The specialization is split into four courses, which take between eight and 18 hours each, taking enrollees through the lifecycle of starting a business, beginning with developing ideas, and walking through bringing the business to the marketplace, and sourcing funding.
8. Corporate Sustainability: Understanding and Seizing the Strategic Opportunity, Universita Bocconi
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Hitting the triple bottom line—achieving environmental, social, and financial success—is one of the biggest pressures on businesses of the future.
As this trend becomes much more of a need, many business schools are incorporating sustainability into their curricula—making this online course a particularly appealing one.
At the heart of this online course, from Italian b-school Universita Bocconi, is centering business around all stakeholders equally, moving away from traditional profit-motivated business.
9. Business Analytics, The Wharton School, University of Pennsylvania
The Business Analytics specialization is one of Coursera’s most popular courses—hardly surprising, given it exposes students to teaching from one of America’s top b-schools, Wharton School at the University of Pennsylvania.
Analytics has flooded into all areas of business, including marketing, human resources, finance, and operations, helping business professionals to make their decisions with greater ease and efficiency.
In particular, the course focuses on the human side of data, in particular how it can be used for recruiting, performance evaluation, and customer behavior.
Read More: Are Coursera Courses Worth It?
This article was originally published in May 2019 and updated in July 2020.
How UK Business School Students Got Jobs In Lockdown
Graduating b-school students in the UK are headed into a more volatile job market, even as the coronavirus lockdown begins to ease. But it’s not all doom and gloom.
Bath School of Management postgraduate students are being supported by the school's Postgraduate Careers and External Engagement Team with some positive results.
From workshops on CV writing, application forms, and covering letters, to running mock assessment centers and practice interviews, b-school students are given every opportunity to prepare for the future in a safe space where mistakes can be learned from.
The Postgraduate Careers team compile reputable company lists and job opportunities students can look through on a dedicated internal portal––it’s organized by industries, subsectors, and specific roles, coupled with one-to-one support advising how to frame your application for a specific role. Then there are regular career fairs, career panel talks, and employer presentations, too.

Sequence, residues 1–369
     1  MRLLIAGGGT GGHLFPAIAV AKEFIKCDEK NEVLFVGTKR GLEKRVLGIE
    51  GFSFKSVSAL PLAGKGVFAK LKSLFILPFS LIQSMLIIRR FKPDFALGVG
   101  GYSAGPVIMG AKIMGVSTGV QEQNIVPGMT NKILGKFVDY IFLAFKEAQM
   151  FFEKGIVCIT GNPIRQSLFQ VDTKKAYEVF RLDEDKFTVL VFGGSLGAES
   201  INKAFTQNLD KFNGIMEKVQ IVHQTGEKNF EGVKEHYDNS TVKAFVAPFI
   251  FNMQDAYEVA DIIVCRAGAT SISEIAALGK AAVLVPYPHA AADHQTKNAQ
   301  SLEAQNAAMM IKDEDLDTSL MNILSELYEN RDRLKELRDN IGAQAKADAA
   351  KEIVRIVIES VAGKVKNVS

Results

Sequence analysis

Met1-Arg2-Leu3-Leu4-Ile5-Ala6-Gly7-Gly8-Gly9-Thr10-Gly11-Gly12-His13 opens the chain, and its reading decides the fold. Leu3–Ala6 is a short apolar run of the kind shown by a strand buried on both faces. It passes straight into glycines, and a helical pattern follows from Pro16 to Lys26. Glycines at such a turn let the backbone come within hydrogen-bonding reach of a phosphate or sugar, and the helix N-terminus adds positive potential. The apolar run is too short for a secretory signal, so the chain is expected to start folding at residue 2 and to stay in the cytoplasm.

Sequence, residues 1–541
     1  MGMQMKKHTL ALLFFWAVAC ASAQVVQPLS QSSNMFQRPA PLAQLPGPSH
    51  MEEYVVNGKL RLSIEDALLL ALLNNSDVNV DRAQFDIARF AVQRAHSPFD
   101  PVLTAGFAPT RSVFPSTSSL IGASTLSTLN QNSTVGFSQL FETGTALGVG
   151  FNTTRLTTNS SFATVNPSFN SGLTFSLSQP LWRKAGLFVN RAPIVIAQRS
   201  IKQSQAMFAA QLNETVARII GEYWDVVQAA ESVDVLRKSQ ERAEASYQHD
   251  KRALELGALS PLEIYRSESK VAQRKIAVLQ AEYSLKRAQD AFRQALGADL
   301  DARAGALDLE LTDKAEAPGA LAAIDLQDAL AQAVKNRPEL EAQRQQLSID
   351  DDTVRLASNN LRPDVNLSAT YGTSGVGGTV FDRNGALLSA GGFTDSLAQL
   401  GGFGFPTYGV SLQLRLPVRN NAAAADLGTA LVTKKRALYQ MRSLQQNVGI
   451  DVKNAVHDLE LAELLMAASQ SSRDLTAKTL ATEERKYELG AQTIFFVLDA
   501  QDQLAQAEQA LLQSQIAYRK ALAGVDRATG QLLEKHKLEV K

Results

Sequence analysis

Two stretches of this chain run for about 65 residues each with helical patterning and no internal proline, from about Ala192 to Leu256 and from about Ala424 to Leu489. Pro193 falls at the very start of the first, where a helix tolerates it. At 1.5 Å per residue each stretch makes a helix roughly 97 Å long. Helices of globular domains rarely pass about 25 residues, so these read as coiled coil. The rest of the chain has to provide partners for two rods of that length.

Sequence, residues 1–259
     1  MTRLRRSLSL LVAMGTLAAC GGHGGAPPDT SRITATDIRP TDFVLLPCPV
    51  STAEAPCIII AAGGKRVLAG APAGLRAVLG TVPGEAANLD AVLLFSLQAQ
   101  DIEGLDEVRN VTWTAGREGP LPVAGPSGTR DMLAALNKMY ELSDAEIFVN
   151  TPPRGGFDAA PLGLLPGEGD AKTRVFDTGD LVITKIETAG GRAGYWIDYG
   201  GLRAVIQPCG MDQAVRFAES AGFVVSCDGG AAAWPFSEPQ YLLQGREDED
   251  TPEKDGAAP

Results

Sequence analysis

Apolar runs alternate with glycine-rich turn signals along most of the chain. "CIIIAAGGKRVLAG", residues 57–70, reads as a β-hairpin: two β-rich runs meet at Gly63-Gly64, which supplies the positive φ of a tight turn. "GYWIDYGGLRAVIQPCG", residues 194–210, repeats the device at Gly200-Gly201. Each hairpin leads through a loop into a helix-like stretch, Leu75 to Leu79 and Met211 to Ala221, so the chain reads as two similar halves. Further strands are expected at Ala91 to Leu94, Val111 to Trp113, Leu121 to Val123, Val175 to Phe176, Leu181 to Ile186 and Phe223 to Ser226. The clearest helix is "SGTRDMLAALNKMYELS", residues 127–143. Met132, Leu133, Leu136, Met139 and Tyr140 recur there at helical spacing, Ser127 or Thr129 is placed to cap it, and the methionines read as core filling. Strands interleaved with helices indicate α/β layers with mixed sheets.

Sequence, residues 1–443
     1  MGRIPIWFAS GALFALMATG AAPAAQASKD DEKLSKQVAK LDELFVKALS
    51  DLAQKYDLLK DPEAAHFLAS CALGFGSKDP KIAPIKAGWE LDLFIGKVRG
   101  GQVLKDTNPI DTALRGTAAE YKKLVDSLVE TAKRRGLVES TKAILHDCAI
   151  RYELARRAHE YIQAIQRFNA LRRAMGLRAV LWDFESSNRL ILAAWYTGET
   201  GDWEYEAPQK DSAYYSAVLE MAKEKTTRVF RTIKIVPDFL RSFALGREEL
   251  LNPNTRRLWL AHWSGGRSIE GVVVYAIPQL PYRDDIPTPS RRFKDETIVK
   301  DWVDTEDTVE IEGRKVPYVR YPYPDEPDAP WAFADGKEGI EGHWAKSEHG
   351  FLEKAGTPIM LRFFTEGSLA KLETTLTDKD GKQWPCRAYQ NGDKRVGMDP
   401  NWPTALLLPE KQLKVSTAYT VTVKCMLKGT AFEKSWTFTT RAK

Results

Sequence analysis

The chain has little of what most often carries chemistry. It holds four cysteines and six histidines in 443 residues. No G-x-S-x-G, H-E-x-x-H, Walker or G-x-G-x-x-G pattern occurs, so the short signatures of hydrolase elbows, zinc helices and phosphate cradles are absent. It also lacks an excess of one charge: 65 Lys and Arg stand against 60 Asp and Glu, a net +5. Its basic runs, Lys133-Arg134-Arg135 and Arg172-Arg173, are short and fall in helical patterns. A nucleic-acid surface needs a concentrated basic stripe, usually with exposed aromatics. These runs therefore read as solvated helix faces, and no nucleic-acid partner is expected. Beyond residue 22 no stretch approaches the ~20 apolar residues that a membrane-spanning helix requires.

And it’s working. BusinessBecause caught up with two graduating students—Dan He and Alice Ingabire—who have secured new jobs this summer.
Dan He | Accounting at EY
Dan (pictured) believes the MSc in Management with Marketing at Bath School of Management gave her both the perspective and qualifications she needed to launch her career in accounting, as well as the international exposure she’d always wanted.
“Moving to another country is exciting––I previously only really knew things about the UK from books and movies,” she says. “I was excited to experience English culture.”
The broad array of modules offered on the program, such as marketing, economics, and accounting, sparked Dan’s interest in accounting––an area of business she hadn’t considered before. She appreciated the logic and mathematical skill required and met with the Postgraduate Careers and External Engagement team to assess her options.
“The Careers Team really helped me,” Dan says. “They outlined what the UK job market is like, and I got a lot of advice from them on applying for accountancy roles as an international student.”
During lockdown, assessments and interviews moved online, and the Careers Team again helped her navigate the new online process, she adds.
On a more personal level, they encouraged Dan to persist with job applications when her lack of confidence speaking English might have held her back.
“One professor on the MSc program told me it’s not about how you speak, but about what you’re saying, which I found inspiring.”
With their support and help framing her application and practicing interview techniques, Dan was offered an audit role with Big Four accounting firm, Ernst & Young (EY), which she’ll be starting in September.
Alice Ingabire | World Benchmarking Alliance
BusinessBecause spoke to Alice in late 2019, when she was not far into Bath's one-year MBA program. Alice has always had a very clear career path in mind. From the off, Alice knew she wanted to continue using her education to help drive business innovation in poorer countries.
“My main interest has always been in sustainable business practice,” she says. “I wanted to learn more about how a business can be and connect this with my previous work experience in social enterprise.”
Alice already has a lot of the background knowledge and experience needed for sustainability-focused roles, but she admits she didn’t have a lot of experience in self-promotion. This is where the Careers Team stepped in. They ran two workshops which Alice says she found beneficial when thinking about her approach to job hunting.